Beginning about 800 A.D., North African Moors begin cultivating artichokes in the area of Granada, Spain, and another Arab group, the Saracens, became identified with chokes in Sicily. This may explain why the English word artichoke is derived from the Arab, "al’qarshuf" rather than from the Latin, "cynara.". Between 800 and 1500, it’s probable that the artichoke was improved and transformed, perhaps in monastery gardens, into the plant we would recognize today.
Artichokes were first cultivated at Naples around the middle of the 15th century and gradually spread to other sections of
Europe. After Rome fell, artichokes became scarce but re-emerged during the Renaissance in 1466 when the Strozzi family brought them from Florence to Naples.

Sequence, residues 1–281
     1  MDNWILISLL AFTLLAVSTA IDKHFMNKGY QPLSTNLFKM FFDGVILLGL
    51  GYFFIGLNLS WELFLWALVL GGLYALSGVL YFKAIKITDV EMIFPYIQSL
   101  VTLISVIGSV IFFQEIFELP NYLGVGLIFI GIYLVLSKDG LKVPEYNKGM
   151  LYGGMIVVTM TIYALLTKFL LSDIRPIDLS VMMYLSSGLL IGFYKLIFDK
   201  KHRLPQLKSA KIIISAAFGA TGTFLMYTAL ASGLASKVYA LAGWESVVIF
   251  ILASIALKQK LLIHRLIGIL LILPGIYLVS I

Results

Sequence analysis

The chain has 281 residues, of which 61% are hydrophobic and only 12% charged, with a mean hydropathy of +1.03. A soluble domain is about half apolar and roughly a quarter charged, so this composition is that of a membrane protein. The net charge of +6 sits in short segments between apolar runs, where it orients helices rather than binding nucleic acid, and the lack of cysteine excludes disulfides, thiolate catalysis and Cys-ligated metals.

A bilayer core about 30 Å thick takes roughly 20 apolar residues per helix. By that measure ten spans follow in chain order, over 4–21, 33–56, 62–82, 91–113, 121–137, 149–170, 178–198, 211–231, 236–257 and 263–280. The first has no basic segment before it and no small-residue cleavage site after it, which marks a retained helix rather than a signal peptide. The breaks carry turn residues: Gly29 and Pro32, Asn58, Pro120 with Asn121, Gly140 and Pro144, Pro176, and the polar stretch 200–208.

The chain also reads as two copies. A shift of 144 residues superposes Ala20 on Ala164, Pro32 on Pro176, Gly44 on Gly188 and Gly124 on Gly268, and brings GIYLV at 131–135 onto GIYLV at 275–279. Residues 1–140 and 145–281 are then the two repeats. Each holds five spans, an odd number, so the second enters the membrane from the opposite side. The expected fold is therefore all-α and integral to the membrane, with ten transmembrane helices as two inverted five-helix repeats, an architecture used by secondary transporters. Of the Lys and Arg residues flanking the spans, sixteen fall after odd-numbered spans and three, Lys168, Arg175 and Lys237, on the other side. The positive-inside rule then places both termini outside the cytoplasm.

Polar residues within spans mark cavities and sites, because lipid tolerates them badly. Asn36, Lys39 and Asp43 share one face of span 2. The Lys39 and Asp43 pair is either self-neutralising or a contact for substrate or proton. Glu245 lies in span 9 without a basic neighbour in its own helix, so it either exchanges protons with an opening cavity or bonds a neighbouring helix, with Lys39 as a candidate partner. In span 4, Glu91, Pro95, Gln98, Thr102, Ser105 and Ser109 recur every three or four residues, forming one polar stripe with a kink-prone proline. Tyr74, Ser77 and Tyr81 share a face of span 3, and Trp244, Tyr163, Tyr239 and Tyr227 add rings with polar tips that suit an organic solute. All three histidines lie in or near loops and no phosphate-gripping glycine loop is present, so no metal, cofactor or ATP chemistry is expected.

1500s - In the 16th century, Catherine de Medici (1519-1589), married to King Henry II (1519-1559), of France at the age of 14, is credited with making artichokes famous. She is said to have introduced them to France when she married King Henry II in the mid 16th century. She was quoted as sayig, "If one of us had eaten artichokes, we would have been pointed out on the street. Today young women are more forward than pages at the court."
The chronicler, Pierre de L'Estoile, in his Journal of June 19, 1576 talks about the occasion of the wedding of Marquis de Lomenie and Mlle de Martigues, "The Queen Mother ate so m
uch she thought she would die, and was very ill with diarrhoea. They said it was from eating too many artichoke bottoms and the combs and kidney of cockerels, of which she was very fond."
From the "Book of Nature," by Dr. Bartolomeo Boldo in 1576, "it has the virtue of . . . provoking Venus for both men and women; for women making them more desirable, and helping the men who are in these matters rather tardy."
1600s - Martha Washington's Booke of Cookery contains a 17th-century
recipe entitled "To Make Hartichoak Pie."